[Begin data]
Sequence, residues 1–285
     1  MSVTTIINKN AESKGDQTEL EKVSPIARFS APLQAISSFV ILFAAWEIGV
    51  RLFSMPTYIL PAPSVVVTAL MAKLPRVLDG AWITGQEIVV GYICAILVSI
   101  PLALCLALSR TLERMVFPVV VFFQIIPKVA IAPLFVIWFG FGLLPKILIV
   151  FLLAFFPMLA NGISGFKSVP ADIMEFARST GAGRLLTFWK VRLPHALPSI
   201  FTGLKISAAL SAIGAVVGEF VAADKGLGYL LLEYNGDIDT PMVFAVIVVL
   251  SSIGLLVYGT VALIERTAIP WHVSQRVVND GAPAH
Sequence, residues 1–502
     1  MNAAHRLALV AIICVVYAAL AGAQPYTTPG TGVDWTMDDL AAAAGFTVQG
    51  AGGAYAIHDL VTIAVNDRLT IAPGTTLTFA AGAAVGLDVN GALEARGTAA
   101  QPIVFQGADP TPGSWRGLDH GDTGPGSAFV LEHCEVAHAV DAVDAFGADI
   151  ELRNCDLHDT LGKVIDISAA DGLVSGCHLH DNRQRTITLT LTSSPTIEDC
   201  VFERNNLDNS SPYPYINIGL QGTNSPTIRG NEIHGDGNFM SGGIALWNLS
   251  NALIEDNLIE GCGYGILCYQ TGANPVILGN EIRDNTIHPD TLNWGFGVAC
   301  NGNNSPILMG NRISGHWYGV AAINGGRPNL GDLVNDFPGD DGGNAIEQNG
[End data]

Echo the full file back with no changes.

Sequence, residues 1–285
     1  MSVTTIINKN AESKGDQTEL EKVSPIARFS APLQAISSFV ILFAAWEIGV
    51  RLFSMPTYIL PAPSVVVTAL MAKLPRVLDG AWITGQEIVV GYICAILVSI
   101  PLALCLALSR TLERMVFPVV VFFQIIPKVA IAPLFVIWFG FGLLPKILIV
   151  FLLAFFPMLA NGISGFKSVP ADIMEFARST GAGRLLTFWK VRLPHALPSI
   201  FTGLKISAAL SAIGAVVGEF VAADKGLGYL LLEYNGDIDT PMVFAVIVVL
   251  SSIGLLVYGT VALIERTAIP WHVSQRVVND GAPAH
Sequence, residues 1–502
     1  MNAAHRLALV AIICVVYAAL AGAQPYTTPG TGVDWTMDDL AAAAGFTVQG
    51  AGGAYAIHDL VTIAVNDRLT IAPGTTLTFA AGAAVGLDVN GALEARGTAA
   101  QPIVFQGADP TPGSWRGLDH GDTGPGSAFV LEHCEVAHAV DAVDAFGADI
   151  ELRNCDLHDT LGKVIDISAA DGLVSGCHLH DNRQRTITLT LTSSPTIEDC
   201  VFERNNLDNS SPYPYINIGL QGTNSPTIRG NEIHGDGNFM SGGIALWNLS
   251  NALIEDNLIE GCGYGILCYQ TGANPVILGN EIRDNTIHPD TLNWGFGVAC
   301  NGNNSPILMG NRISGHWYGV AAINGGRPNL GDLVNDFPGD DGGNAIEQNG